Solar probe set to launch into the sun’s scorching ‘red zone’ 

Posted: July 21, 2018 by oldbrew in exploration, research, solar system dynamics

During a total solar eclipse, the Sun’s corona and prominences are visible to the naked eye [image credit: Luc Viatour / ]

Perhaps the probe will be able to shed some light, so to speak, on the Sun’s famous coronal heating problem.

On Aug. 6, the Parker Solar Probe will launch from the Kennedy Space Center in Florida for one extremely intense mission: to fly closer to the sun than any spacecraft before, reports CBC News.

The probe will fly through and study the sun’s atmosphere, where it will face punishing heat and radiation. At its closest, it will come within 6.1 million kilometres of the sun.

“A lot of people don’t think that’s particularly close,” said Nicola Fox, the project scientist for the Parker Solar Probe. “But if I put the sun and the Earth in the end zones in a football field, the Parker Solar Probe will be on the four-yard line in the red zone, knocking on the door for a touchdown.”

Named after astrophysicist Eugene Parker — the first living researcher to receive such an honour — the probe will travel in the sun’s outer atmosphere, called the corona.

Because it isn’t very dense, the corona is difficult to study. The only time we can see it is during a solar eclipse, or with a specially made instrument called a coronagraph, which blocks out the sun’s light.

While the sun is vital to our existence, it’s not really our ally. It is a roiling, churning ball of gas and charged particles that generates a solar wind that influences our planet — and not always in a good way.

Solar flares are one example. These eruptions occur in cooler regions of the sun, called sunspots. Just like Earth, the sun has a magnetic field. But unlike Earth, different regions of the sun rotate at different speeds. This can cause magnetic loops to become tangled. After twisting tighter and tighter, the stored energy is released as a solar flare.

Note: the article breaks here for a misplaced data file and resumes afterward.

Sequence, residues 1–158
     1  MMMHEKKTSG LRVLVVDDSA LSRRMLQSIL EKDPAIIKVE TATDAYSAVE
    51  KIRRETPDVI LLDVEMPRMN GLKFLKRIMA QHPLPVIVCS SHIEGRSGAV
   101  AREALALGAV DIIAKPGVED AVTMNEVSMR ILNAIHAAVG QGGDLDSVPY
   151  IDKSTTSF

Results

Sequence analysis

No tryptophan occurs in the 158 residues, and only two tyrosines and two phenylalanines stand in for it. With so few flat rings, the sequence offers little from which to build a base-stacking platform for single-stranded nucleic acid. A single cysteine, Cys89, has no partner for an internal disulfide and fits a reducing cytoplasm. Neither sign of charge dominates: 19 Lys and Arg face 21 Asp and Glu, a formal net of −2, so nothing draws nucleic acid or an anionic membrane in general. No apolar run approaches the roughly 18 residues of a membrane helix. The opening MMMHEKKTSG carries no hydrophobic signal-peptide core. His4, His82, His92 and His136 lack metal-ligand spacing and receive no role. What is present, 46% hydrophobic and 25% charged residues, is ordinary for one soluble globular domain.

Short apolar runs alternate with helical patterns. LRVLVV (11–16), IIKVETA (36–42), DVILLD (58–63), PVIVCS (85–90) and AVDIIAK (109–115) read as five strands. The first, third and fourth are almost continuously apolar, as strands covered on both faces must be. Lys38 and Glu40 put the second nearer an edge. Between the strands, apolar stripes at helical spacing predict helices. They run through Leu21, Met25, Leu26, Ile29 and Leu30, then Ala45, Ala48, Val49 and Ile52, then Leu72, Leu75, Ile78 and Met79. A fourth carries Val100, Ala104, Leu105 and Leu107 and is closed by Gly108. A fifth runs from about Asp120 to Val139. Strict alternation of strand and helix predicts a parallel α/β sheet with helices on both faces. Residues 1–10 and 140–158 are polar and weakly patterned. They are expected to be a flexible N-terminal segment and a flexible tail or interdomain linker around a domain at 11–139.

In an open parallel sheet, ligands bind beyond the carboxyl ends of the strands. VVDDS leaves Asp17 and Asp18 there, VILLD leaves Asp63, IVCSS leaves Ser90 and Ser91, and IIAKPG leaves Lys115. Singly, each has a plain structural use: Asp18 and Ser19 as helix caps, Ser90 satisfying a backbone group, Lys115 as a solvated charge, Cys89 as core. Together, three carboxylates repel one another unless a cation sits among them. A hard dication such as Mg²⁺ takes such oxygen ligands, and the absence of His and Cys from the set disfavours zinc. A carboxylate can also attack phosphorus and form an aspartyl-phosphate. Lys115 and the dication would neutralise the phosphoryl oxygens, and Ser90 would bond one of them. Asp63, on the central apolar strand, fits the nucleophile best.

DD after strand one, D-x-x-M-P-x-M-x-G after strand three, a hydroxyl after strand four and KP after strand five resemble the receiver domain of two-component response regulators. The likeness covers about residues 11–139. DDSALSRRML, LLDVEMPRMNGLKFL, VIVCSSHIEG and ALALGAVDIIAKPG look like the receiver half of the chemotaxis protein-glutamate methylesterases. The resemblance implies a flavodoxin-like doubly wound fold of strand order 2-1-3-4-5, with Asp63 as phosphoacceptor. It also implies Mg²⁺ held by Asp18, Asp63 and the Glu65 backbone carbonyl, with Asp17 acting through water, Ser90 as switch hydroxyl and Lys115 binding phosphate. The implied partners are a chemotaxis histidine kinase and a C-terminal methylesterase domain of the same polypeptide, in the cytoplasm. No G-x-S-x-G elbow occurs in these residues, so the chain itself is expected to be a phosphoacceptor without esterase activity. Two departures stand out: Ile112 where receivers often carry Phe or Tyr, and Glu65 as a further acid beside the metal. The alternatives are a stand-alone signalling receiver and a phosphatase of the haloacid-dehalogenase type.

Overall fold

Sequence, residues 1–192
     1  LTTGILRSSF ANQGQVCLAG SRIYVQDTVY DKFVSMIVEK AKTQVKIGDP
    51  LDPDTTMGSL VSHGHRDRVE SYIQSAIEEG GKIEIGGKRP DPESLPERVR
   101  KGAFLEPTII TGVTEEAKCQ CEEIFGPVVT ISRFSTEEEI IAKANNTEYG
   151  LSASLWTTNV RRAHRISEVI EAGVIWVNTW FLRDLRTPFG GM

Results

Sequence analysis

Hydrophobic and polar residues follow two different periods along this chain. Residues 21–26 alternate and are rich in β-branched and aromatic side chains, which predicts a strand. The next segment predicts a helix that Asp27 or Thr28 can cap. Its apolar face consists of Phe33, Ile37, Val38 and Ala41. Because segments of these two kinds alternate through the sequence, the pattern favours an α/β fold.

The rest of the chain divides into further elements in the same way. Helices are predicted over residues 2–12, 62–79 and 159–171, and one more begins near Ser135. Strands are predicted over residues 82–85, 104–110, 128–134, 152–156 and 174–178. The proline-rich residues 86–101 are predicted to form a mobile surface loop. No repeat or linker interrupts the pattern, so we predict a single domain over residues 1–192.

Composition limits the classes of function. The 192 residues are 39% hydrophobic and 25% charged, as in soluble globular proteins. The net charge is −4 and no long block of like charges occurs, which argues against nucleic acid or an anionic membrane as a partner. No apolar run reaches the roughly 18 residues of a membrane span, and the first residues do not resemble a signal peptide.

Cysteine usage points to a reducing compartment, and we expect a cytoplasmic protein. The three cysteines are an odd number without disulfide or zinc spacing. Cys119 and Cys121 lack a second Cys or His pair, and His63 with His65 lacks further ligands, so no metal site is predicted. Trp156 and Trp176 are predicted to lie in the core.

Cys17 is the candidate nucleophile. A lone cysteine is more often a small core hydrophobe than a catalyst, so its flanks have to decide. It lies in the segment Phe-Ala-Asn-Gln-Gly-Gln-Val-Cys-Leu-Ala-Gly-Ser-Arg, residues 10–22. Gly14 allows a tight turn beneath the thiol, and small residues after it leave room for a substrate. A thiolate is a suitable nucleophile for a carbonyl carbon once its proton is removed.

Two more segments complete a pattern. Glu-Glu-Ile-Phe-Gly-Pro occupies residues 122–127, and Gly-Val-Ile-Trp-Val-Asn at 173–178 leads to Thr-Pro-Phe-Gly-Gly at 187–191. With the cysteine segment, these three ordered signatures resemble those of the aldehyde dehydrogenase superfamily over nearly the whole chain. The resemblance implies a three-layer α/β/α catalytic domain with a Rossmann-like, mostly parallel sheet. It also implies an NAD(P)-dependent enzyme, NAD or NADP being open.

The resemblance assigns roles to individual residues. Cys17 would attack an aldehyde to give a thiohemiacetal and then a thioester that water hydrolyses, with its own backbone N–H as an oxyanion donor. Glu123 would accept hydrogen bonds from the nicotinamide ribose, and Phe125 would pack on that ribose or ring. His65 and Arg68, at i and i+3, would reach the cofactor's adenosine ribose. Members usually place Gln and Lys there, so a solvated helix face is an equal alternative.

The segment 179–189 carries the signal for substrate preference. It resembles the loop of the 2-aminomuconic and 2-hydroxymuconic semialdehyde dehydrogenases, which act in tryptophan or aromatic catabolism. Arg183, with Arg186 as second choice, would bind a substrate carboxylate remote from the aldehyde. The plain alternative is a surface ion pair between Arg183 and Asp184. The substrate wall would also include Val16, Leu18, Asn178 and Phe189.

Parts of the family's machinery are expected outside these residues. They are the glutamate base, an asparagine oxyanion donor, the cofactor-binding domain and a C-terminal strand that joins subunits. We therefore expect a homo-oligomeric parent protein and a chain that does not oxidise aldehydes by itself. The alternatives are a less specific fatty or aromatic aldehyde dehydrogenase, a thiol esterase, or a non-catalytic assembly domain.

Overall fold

These are often followed by coronal mass ejections, where charged particles (plasma) erupt and travel at increased speeds along the solar wind.

These events can cause radio blackouts and even knock out power grids. One of the most well known is the power outage that left six million people shivering in the dark in Quebec in March 1989.

“It’s of fundamental importance for us to be able to predict space weather much like we predict weather here on Earth,” said Alex Young, a solar scientist at NASA’s Goddard Space Flight Center in Greenbelt, Md., during a news conference Friday.

With the Parker Solar Probe mission, scientists want to better understand these phenomena: the sun’s corona, magnetic field, solar flares and the wildly fast solar wind.

“The solar wind goes from a steady breeze to a supersonic flow from the corona to millions of miles an hour,” Young said. “So why does this happen? What is going on here?”

Continued here.

  1. Chaeremon says:

    High expectations from many speculations:

  2. Bloke down the pub says:

    To reduce the risk of burning up, they’ll be going at night.

  3. Jim says:

    I would happen to disagree with the article on one major point. ” The sun is not our Ally”, ah, without the sun, we, dinosaurs, snakes, snake plant, and insane cat ladies, let alone their ancestors, would not be here. The sun is our big energy device in the sky. Compression alone cannot increase the air tempreture to a human or plant livable tempreture. The outlying stars do not process enough energy to warm our planet. Nor, the planets. But, there is that ignored heater, light bulb, that gives off enough energies to create conditions that the plants can survive in. If they can survive, then the plant eaters can survive, then we can eat a plant eaters.

  4. BoyfromTottenham says:

    Jim, maybe you should ask why the CBC journalist felt it necessary to include these words in an otherwise (apparently) factual report of a NASA space project. To spice it up, or to inject an element of fear? The fine line between journalism and propaganda.

  5. tallbloke says:

    Get ready for lots of “Baffled scientists…” headlines.

  6. oldbrew says:

    More on the coronal heating problem…

    Parker Solar Probe and the curious case of the hot corona
    July 27, 2018 by Lina Tran, NASA’s Goddard Space Flight Center

    Something mysterious is going on at the Sun. In defiance of all logic, its atmosphere gets much, much hotter the farther it stretches from the Sun’s blazing surface.

    Temperatures in the corona—the tenuous, outermost layer of the solar atmosphere—spike upwards of 2 million degrees Fahrenheit, while just 1,000 miles below, the underlying surface simmers at a balmy 10,000 F. How the Sun manages this feat remains one of the greatest unanswered questions in astrophysics; scientists call it the coronal heating problem.

    Read more at:

    defiance of all logic – could there be some ‘energy in’ to add to the ‘energy out’?

    The Sun’s green line…

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